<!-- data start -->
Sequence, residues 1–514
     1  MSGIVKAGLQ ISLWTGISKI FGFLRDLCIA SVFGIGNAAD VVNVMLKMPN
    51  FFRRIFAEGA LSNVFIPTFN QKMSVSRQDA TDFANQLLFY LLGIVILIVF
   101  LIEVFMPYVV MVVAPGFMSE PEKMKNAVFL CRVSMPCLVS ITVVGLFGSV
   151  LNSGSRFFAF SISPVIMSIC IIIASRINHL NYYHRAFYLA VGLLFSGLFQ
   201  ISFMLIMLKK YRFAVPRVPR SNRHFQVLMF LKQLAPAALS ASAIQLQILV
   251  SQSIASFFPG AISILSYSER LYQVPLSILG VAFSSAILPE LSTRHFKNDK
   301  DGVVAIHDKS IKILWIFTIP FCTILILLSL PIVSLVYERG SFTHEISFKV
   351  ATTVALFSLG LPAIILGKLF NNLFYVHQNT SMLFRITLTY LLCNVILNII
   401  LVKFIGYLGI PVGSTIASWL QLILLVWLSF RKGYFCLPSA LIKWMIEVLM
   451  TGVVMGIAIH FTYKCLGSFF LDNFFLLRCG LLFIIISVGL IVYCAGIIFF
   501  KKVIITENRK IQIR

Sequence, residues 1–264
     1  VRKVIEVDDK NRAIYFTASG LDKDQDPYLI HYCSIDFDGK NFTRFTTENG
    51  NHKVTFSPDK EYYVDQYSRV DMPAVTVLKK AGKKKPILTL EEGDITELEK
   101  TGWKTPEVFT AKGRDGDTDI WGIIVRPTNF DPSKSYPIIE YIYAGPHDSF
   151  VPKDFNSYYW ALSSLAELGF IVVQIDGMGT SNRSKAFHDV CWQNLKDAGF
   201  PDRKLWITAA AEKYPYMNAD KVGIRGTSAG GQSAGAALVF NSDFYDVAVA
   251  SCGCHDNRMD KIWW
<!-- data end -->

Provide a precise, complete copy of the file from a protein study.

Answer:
Sequence, residues 1–514
     1  MSGIVKAGLQ ISLWTGISKI FGFLRDLCIA SVFGIGNAAD VVNVMLKMPN
    51  FFRRIFAEGA LSNVFIPTFN QKMSVSRQDA TDFANQLLFY LLGIVILIVF
   101  LIEVFMPYVV MVVAPGFMSE PEKMKNAVFL CRVSMPCLVS ITVVGLFGSV
   151  LNSGSRFFAF SISPVIMSIC IIIASRINHL NYYHRAFYLA VGLLFSGLFQ
   201  ISFMLIMLKK YRFAVPRVPR SNRHFQVLMF LKQLAPAALS ASAIQLQILV
   251  SQSIASFFPG AISILSYSER LYQVPLSILG VAFSSAILPE LSTRHFKNDK
   301  DGVVAIHDKS IKILWIFTIP FCTILILLSL PIVSLVYERG SFTHEISFKV
   351  ATTVALFSLG LPAIILGKLF NNLFYVHQNT SMLFRITLTY LLCNVILNII
   401  LVKFIGYLGI PVGSTIASWL QLILLVWLSF RKGYFCLPSA LIKWMIEVLM
   451  TGVVMGIAIH FTYKCLGSFF LDNFFLLRCG LLFIIISVGL IVYCAGIIFF
   501  KKVIITENRK IQIR

Sequence, residues 1–264
     1  VRKVIEVDDK NRAIYFTASG LDKDQDPYLI HYCSIDFDGK NFTRFTTENG
    51  NHKVTFSPDK EYYVDQYSRV DMPAVTVLKK AGKKKPILTL EEGDITELEK
   101  TGWKTPEVFT AKGRDGDTDI WGIIVRPTNF DPSKSYPIIE YIYAGPHDSF
   151  VPKDFNSYYW ALSSLAELGF IVVQIDGMGT SNRSKAFHDV CWQNLKDAGF
   201  PDRKLWITAA AEKYPYMNAD KVGIRGTSAG GQSAGAALVF NSDFYDVAVA
   251  SCGCHDNRMD KIWW